North America’s natural gas prices, now at their lowest level in 10 years, may not be helping explorers but positive impacts are being felt across a variety of industries inside and outside the energy sector, according to an analysis by Moody’s Investors Service.

Analysts Steven Wood and William L. Hess noted that Moody’s last published a special comment about the impact on other industries in April 2010 when spot prices “hovered uneasily around $4/MMBtu” (see Daily GPI, April 5, 2010). Gas producers today “would be pleased with such prices…Gas prices in the $2-3/MMBtu range have not been typical since early 2002. We see little room for growth in natural gas pries until 2013 at the very earliest.”

Moody’s in late January cut its North American gas price assumptions through 2013 and said it assumes that gas delivered at the Henry Hub this year would sell on average for $2.75/MMBtu (see Daily GPI, Jan. 30).

The duo took a look beyond the gas industry itself to assess which sectors would experience more pressure from low gas prices through 2013, which sectors would benefit, and which sectors would see minimal impact.

Commodity chemical manufacturers, as well as ethylene producers are coming out ahead on low gas prices and are enjoying the “distinct” cost advantage over competitors in Europe and Asia, said the analysts. Likewise, low gas prices have reduced input costs for a plethora of manufacturers that include Corning, Goodyear Tire and Rubber, Precision Castparts and Illinois Tool Works.

North American chemical companies generally are benefiting, with those using gas as a feedstock, particularly manufacturers of ammonia and methanol/acetic acid, gaining the most. Ethylene producers use the most ethane as a percentage of capacity, said the duo.

If gas prices remain low for a significant period, some North American manufacturers are expected to see improved operating margins as input costs decline. Low gas costs also may affect the cost competitiveness of different packaging materials, including glass and plastic.

Many unregulated utilities and power producers have been able to take advantage, in particular, those that own gas pipelines near unconventional gas resources, including Dominion Resources and NiSource. On Wednesday the midstream services unit of NiSource Gas Transmission and Storage said it would construct a 90-mile large-diameter gathering system using Columbia Gas Transmission’s existing right of way through several Ohio counties in the Utica Shale.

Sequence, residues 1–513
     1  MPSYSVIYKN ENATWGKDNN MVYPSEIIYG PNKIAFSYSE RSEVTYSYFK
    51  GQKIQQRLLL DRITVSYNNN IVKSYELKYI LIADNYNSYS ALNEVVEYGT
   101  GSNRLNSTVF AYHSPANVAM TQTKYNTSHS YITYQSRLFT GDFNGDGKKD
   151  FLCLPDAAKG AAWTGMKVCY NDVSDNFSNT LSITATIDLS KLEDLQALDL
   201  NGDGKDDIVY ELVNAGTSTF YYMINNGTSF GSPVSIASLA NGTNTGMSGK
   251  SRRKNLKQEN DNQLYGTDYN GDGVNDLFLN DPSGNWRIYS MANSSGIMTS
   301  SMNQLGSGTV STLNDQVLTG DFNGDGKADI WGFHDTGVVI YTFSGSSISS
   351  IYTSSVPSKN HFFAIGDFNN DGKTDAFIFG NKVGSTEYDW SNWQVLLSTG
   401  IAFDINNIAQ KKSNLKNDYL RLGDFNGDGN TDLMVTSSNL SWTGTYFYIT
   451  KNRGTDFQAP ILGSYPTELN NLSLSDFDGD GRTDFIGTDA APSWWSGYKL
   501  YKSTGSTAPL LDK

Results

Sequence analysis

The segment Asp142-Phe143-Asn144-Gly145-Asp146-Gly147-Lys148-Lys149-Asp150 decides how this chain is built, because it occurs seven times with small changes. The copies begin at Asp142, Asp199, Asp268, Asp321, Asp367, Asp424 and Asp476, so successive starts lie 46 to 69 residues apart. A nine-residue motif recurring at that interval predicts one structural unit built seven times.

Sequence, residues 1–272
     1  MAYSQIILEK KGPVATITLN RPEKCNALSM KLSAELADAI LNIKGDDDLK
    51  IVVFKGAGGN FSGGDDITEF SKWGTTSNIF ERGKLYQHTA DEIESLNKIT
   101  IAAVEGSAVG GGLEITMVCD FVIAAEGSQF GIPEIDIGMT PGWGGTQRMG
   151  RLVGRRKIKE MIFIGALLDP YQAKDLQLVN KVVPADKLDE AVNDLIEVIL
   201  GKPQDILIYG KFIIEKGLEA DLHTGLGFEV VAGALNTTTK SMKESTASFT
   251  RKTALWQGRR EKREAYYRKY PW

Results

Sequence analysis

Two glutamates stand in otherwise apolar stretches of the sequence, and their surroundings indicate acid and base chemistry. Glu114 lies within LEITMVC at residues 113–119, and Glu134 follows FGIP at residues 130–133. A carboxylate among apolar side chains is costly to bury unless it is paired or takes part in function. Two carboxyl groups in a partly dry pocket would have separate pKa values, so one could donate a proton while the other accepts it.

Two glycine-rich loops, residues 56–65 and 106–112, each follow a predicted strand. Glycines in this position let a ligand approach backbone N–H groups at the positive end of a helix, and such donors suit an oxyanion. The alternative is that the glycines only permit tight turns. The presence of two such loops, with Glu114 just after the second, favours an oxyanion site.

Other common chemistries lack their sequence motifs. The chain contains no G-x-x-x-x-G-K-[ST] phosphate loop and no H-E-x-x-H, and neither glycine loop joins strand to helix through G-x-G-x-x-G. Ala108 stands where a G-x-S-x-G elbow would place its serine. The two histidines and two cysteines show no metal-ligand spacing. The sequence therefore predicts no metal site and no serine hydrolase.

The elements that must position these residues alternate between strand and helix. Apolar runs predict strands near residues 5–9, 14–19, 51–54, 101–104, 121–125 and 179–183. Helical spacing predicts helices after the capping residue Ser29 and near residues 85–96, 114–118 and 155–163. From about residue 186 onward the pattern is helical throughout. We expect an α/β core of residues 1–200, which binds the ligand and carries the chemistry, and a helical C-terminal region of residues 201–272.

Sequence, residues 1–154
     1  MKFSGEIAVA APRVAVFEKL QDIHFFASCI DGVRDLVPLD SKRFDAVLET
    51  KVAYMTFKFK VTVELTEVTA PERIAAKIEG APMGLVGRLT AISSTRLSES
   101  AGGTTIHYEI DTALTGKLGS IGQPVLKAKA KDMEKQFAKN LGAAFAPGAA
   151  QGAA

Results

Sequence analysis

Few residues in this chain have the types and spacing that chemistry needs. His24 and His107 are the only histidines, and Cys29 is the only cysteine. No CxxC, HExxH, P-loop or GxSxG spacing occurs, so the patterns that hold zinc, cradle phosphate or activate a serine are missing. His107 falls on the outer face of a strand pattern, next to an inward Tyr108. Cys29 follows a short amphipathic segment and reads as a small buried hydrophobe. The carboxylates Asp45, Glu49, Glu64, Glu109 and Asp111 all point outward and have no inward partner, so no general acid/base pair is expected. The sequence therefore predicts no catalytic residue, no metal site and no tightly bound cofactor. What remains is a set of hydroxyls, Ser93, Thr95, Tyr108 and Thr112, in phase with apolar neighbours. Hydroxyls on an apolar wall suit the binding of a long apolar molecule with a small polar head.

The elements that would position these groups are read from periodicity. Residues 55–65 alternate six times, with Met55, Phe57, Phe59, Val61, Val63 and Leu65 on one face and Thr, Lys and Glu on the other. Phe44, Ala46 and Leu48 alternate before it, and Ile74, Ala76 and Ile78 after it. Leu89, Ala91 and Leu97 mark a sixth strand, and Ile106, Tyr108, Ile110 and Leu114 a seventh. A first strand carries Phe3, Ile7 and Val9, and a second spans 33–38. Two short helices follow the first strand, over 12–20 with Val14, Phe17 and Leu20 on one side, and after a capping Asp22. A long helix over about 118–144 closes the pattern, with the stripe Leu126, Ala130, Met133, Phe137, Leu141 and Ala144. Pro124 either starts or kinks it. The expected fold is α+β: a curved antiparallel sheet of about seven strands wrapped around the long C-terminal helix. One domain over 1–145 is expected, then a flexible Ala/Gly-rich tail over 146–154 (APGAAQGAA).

Some regulated utilities and gas pipelines also stand to benefit because lower gas costs “make it easier for utilities to pass through higher rates for their base services, without a political backlash,” said the Moody’s analysts.

Low gas prices, however, have had a mixed effect for other entities. For instance, diversified operations with unregulated gas marketing businesses have been negatively impacted because the gas glut “has erased the arbitrage opportunities that used to exist from geographic and seasonal basis differentials.”

According to Moody’s research, unregulated power producers more weighted to coal-fired generation also may use a “hunker-down” strategy to conserve capital and liquidity in waiting out higher prices. Most “have good cash reserves and undrawn credit facilities,” but “current market conditions might outlast liquidity.”

Coal-fired generators could see “significant margin pressure as natural gas prices lead to sustained fuel switching from coal,” said the analysts. Several big coal companies, they noted, already have announced production cutbacks.

In addition, interstate pipeline may experience a “mild down-cycle” over the next few years while they adjust to shale gas supplies and “competitive dynamics” from new pipelines.

“Arbitrage opportunities have dissipated as basis differential share narrowed and prices [are] less volatile,” said the analysts. Fewer opportunities meant reduced demand for some market-driven services like park-and-loan and gas storage.

Meanwhile, cheap gas in Canada has boosted the oilsands industry’s operating margins and project economics, and positively impacted in-situ, steam-assisted gravity drainage production because input costs have fallen.

However, the finances of Canada’s gas-producing provinces, particularly Alberta, haven’t fared as well. Alberta’s gas royalties dropped by about 3.6% (C$1.4 billion) from March 2010 to March 2011 and declined by about 8% from 2009 to 2010, according to Moody’s research.

Low prices should continue to weigh on conventional gas drilling in Alberta, said the analysts. British Columbia, Saskatchewan and Nova Scotia “derive less of their revenue from natural gas” but persistently low gas royalties over the next few years would not help these provinces balance their budgets.

Beyond Canada, prolonged low prices may limit growth as well in Trinidad and Tobago’s upstream sectors and “eventually pose a supply risk” for the liquefied natural gas, gas transportation, and processing and petrochemical sectors.”

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